A young boy ordered $1,000 in food from GrubHub over the weekend after playing on his dad’s phone.
Mason Stonehouse is a six-year-old from Michigan and was using his father’s phone when he bought $1,000 in to-go food items, which involved $183 of jumbo shrimp and “endless” chili fries, as well as ice cream, according to the New York Post. The bank shut down the purchases when he tried to order “$439 worth of pizzas.”
“That would’ve been on top of the thousand dollars worth of food that was piling in my kitchen,” Keith Stonehouse, his father, said.
Stonehouse said he let his young son play a game on his phone for around thirty minutes before he went to bed. Delivery drivers from the GrubHub app started coming to the child’s home after he went to bed.
“I was putting Mason to bed and saw a car pull up and the doorbell rang with the driver dropping off a big bag of stuff,” he told MLive earlier this week. “My wife owns ‘A Slice of Heaven Cakes’ bakery and it was a big wedding weekend, so I thought it was just someone dropping off decorative stuff they used from her. But it was from Leo’s Coney Island. I said, ‘What the heck?’”
“The doorbell rang again and it kept happening. Car after car. Cars were pulling into the driveway while others were pulling out. I finally asked one of them what they were delivering. He said we ordered chicken shwarmas [sic]. I took the food and then it hit me. I looked at my phone with repeated messages that my food was getting ready, my food was being delivered. I looked at my bank account and it was getting drained,” he added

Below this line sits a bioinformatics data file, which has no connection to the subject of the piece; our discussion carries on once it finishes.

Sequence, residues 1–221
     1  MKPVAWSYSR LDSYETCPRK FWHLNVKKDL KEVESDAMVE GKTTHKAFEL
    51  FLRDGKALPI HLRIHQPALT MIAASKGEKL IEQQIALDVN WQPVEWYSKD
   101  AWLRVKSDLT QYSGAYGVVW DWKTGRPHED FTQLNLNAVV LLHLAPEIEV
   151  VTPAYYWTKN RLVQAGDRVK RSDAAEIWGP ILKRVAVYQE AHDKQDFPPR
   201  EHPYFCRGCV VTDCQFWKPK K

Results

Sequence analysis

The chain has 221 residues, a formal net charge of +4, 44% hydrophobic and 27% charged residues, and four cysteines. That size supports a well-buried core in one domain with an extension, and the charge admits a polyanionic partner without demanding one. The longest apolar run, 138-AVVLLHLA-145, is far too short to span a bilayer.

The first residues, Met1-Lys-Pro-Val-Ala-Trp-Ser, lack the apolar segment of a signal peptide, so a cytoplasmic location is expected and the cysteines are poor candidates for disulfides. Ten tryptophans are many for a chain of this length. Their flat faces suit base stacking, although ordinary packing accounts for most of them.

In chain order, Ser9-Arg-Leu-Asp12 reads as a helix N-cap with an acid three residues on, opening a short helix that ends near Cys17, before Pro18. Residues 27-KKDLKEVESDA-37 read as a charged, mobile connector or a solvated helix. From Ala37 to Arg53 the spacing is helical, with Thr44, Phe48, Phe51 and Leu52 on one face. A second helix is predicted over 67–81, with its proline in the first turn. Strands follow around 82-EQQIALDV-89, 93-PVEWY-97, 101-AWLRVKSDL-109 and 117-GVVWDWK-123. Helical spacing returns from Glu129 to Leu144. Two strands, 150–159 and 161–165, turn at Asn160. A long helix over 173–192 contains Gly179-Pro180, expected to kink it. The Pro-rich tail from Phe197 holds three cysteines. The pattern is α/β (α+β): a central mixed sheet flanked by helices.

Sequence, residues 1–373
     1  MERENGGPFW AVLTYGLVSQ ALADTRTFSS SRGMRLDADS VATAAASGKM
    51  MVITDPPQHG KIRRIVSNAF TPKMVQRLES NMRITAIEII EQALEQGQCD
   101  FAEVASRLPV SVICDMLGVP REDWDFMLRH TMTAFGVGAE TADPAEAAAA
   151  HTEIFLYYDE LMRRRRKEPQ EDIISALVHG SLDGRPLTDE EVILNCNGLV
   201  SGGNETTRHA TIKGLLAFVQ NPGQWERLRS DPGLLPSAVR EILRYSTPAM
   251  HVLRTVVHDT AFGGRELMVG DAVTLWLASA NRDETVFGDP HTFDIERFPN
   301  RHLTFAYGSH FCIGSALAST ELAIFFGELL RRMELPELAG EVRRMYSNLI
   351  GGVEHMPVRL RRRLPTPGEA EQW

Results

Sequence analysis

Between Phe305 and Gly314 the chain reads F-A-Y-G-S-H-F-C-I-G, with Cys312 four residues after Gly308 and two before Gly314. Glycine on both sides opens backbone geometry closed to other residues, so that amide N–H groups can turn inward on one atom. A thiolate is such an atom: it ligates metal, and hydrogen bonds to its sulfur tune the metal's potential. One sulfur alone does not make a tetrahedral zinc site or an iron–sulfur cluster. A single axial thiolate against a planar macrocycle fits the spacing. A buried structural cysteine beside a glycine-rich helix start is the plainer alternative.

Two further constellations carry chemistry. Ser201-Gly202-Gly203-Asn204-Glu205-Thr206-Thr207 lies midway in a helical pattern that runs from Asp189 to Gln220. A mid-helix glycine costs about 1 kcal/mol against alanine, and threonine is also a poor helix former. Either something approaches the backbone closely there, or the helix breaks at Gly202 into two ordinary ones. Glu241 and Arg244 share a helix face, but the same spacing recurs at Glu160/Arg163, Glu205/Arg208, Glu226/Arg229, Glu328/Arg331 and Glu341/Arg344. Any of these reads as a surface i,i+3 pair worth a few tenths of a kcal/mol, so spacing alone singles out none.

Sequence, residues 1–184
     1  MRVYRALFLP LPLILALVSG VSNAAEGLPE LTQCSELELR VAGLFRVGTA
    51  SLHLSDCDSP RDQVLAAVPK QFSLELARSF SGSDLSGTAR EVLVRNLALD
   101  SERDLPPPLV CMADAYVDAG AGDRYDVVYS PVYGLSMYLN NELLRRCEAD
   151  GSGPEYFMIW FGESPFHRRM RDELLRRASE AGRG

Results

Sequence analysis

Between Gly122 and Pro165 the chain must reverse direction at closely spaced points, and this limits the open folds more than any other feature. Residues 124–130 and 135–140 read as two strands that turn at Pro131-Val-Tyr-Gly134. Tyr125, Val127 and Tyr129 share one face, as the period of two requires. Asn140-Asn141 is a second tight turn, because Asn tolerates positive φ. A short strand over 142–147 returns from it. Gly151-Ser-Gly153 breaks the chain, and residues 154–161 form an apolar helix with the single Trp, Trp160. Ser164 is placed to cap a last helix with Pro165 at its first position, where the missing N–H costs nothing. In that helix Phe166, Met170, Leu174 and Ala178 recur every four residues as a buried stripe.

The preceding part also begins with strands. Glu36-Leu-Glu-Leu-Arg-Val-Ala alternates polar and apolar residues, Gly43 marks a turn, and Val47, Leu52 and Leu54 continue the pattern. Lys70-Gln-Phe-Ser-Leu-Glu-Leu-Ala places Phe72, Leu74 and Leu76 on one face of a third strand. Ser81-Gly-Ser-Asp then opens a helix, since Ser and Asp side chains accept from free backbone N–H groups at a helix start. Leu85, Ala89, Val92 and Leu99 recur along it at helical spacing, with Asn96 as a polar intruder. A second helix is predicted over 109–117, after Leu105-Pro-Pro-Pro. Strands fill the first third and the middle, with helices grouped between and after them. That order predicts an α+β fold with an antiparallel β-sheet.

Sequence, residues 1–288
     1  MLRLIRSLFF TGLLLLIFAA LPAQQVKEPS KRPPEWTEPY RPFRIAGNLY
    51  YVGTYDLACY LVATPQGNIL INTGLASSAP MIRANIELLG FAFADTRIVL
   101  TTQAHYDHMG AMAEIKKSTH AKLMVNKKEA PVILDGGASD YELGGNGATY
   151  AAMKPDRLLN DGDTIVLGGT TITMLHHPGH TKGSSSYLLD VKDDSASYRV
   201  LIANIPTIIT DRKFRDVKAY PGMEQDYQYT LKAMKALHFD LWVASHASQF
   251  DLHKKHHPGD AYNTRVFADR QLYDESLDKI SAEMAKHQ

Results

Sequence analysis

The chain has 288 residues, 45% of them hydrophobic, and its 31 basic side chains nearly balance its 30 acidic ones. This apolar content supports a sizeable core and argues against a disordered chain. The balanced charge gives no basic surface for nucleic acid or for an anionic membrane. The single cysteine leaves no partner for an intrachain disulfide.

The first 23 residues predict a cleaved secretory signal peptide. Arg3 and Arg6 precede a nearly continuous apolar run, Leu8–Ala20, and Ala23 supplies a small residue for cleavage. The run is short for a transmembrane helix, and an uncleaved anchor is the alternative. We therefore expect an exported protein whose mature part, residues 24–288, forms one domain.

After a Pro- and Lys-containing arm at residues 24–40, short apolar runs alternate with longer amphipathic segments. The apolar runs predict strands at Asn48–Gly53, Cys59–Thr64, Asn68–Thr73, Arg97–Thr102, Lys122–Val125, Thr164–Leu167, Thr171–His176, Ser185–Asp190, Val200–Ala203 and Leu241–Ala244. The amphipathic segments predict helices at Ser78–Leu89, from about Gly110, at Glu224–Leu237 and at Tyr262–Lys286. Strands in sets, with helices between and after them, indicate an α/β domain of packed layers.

“I looked at my phone and all of a sudden I see ‘Grubhub, Grubhub, Grubhub’ and in that same second all these cars and all these lights and the doorbells going off,” Stonehouse told Good Morning America in an interview over Zoom. “They kept coming and they kept coming.”
“This was like something out of a ‘Saturday Night Live’ skit,” Stonehouse said. “I was probably a 9.5 out of 10 anger while it was happening. The next day, I was at an eight and now I’m at about a three. I don’t really find it funny yet, but I can laugh with people a little bit. It’s a lot of money and it kind of came out of nowhere.”
“He’s 6, so it doesn’t kind of sink in. It’s not like if our 13-year-old did this, then it would sink in to him,” Stonehouse noted. “Trying to explain this to a 6-year-old, we told him we took money out of his piggy bank to pay for this bag of food and this one and so on. We could tell he was upset, but we don’t know if it has really sunk in. That’s the frustrating part.”
The fact that restaurants are charging such a hefty amount for to-go orders could come as a shock to many, and Americans are feeling the strain of inflation, especially when it comes to food items. Restaurant food went up 8.3% in December over the past year.
Stonehouse said the family stored most of the items in their refrigerators and they also had neighbors come to their house to eat some of it.
The company did offer to help out a little bit when they heard about the incident.
“We wanted to make things better for him and his family, so have offered to send him $1,000 worth of Grubhub gift cards,” a representative told Good Morning America.